... which is not to say I wouldn't like to be able to use the boat's engine and move around from time to time. In the three and a half years I've been on this boat I have had a total of about forty hours travelling. If I've done the sums correctly this amounts to 0.1% of my use of this boat has been to travel. This is not to do with idleness on my part nor indeed a lack of desire nor, sadly, of being overworked with paid employment. My confinement has mostly been the result of engine problems. Most of the problems have involved the spillage of various liquids into the bilge. Being the least likely mechanic in the world I have been stuck. Attempts to follow the logic of each system have eluded me, although I now know the names of a few of the thingamijigs under the boards in the engine bay.
Unsupported attempts to fix things have, in my experience, generally made them worse. Before I was introduced to the mechanic I had stayed put for two years. At least, with the mechanic's help I felt that I was gradually working through the problems. The only two trips I have taken of any substance occurred over the past couple of months. Not one of my attempts to travel has been problem free. On the first few trips along the river, I had a recurring problem with the engine overheating. Occasionally I had to pull over and moor up in an even more remote place than my own mooring to allow the engine to cool down sufficiently to add more coolant which would always end up in the engine tray. With the mechanic's help I replaced the thermostat, the cylinder head gasket, any number of hoses, clips and pipes. I went through gallons of antifreeze and replaced the coolant cap with one requiring a lower pressure. Who knew that the caps on engine cooling systems come in different ratings? A little knowledge is said to be a dangerous thing. I don't even feel I know what I don't know.
I thought I was getting to the end of the problems. After all the fuel leaks we have managed to fix I have found fuel leaking and now suspect the fuel tank may have a small rupture near the outlet pipe taking fuel into the engine. That might account for the fifty odd pounds worth of diesel that was swilling around in the engine tray after my last trip which was the only time I have ever filled the tank. I filled the tank because I thought we had cured all the leaks. Each time I take the boat out, another problem reveals itself. Sadly, the engineer is still unwell. He looks like being out of commission for a while longer, so today I decided to take matters into my own hands. Over the weekend I had reached the end of my list of jobs to do apart from some painting, and the engine problem. Optional jobs, such as writing blog entries and working on updating my websites, are lower down the list of priorities and to be avoided if possible. This morning I have put a second coat of primer on the rust spots I have been treating. Then I noticed more rust bubbling through. I took the scraper to the paint and uncovered another large area of rust on the roof. So the process begins again with the new rust. I have decided that however bad one suspects a rust problem to be, it will always be worse. Even my books for the current financial year's accounts are up to date. I must be desperate to avoid putting my head back in the engine bay.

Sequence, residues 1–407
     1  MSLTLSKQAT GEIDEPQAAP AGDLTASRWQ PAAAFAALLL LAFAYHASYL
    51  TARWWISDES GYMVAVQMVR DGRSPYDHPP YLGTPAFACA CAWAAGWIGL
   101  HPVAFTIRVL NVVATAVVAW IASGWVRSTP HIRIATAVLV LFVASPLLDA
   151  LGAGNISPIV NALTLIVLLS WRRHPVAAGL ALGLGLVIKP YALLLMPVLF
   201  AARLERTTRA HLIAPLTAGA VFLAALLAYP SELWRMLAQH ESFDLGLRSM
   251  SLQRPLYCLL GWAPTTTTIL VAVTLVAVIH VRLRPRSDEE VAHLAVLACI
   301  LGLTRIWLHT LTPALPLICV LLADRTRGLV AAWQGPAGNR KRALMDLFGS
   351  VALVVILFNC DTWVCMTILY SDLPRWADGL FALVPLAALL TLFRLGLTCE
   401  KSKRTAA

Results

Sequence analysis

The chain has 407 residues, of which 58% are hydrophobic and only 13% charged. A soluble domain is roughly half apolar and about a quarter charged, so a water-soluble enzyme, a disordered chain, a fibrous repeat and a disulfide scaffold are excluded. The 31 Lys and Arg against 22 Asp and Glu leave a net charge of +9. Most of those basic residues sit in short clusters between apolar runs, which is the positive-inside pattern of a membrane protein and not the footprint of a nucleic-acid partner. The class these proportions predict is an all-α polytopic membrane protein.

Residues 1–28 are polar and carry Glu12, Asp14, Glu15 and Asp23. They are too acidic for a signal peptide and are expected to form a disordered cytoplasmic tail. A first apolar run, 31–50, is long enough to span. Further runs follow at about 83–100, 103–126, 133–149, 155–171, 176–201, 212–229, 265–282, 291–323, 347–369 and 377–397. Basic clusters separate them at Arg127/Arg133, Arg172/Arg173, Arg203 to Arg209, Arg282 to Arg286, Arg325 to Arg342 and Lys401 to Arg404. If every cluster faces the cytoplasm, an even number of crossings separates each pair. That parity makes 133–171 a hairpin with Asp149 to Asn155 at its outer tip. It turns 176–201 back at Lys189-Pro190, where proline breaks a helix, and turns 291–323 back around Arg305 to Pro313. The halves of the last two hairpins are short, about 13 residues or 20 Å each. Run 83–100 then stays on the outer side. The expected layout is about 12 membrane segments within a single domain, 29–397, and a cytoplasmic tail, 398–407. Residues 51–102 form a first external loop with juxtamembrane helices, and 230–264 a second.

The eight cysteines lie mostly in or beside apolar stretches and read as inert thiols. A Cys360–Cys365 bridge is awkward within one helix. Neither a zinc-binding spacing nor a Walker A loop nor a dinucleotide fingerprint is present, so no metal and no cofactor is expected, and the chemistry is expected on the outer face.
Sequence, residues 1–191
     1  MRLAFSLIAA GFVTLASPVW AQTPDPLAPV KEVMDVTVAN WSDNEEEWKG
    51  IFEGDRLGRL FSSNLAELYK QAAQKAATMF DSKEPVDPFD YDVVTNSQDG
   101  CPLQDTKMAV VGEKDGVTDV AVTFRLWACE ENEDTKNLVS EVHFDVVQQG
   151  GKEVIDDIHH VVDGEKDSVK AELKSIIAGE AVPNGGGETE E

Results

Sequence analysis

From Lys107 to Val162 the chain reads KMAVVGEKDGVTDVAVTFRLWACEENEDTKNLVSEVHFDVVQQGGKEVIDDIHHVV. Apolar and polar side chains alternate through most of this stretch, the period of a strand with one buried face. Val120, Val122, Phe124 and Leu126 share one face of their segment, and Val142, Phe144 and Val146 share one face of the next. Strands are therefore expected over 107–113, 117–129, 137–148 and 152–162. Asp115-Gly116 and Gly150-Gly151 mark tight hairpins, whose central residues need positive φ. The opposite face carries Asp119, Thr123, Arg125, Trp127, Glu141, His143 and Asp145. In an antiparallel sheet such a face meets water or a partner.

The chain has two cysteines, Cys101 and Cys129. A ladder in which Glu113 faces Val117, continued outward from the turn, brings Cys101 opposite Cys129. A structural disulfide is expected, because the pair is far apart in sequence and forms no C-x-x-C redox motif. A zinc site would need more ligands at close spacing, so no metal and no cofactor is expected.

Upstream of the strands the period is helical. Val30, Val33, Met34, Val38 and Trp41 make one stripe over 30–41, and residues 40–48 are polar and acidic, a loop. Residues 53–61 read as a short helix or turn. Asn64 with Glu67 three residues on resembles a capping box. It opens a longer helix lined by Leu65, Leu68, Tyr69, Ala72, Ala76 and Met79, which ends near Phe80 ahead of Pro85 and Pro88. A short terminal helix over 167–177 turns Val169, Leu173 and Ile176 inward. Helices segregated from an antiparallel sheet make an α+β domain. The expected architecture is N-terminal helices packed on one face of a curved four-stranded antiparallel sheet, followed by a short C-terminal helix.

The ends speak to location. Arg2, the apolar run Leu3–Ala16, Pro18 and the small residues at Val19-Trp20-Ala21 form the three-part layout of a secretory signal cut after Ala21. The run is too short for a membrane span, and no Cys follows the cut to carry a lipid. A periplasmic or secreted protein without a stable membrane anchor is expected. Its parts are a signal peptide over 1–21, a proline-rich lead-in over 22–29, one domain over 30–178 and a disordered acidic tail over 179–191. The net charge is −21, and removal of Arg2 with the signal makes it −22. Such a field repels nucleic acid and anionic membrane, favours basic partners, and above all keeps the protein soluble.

I took up the boards that cover the engine and lifted the cover on the rear deck on my trad style narrowboat. I felt around the pipes to and from the fuel tank and found what I thought was the leak. The last time I tried to fix this by tightening a nut I crushed an o-ring and made the problem worse, much worse. This time I needed to be more careful. However, I couldn't find a way of being sure I was dealing with the problem without risking making it worse again. That is when I made THE DECISION. After all this time I would take the boat to the boat yard and have them take care of it. Expensive I am sure, but these problems are beginning to get me down. I should be out on the river and exploring. I am embarrassed that I have yet to go any further than a distance that would take me thirty minutes in the van. Why else have a boat?
I didn't think the leak was as bad as before and that I would be losing as much fuel as previously. I could do the ninety-minute trip on the fuel I had left. Then I looked in the engine tray and decided that what was in there didn't look like it was only diesel. I took the cap off the heat exchanger and there was no coolant visible! I could not believe I was back to square one. After almost bursting into tears of frustration I filled a five-litre bottle with water from the standpipe in the farmyard and three litres of water went into the cooling system. I don't think we are likely to get a freeze today, so I shall forego the antifreeze. I thought it might be handy to fire up the engine and see if I can find the cause of the coolant leak. Ignition, glow plugs, starter button ... NOTHING! My engine that always fires first time did not even turn over. Not even a snidey click from the starter motor. Just silence. The engineer would know immediately what to do. I am guessing a wire has come loose somewhere, but what on earth (maybe literally) would I attach it to if I found it? A little knowledge is a hell of a frustration and I despite what I have learned from the engineer I still seem to have such little knowledge.
In less than a week I'll be embarking on my seventh decade. Is sixty too old to take a course in basic diesel engine mechanics and electrics?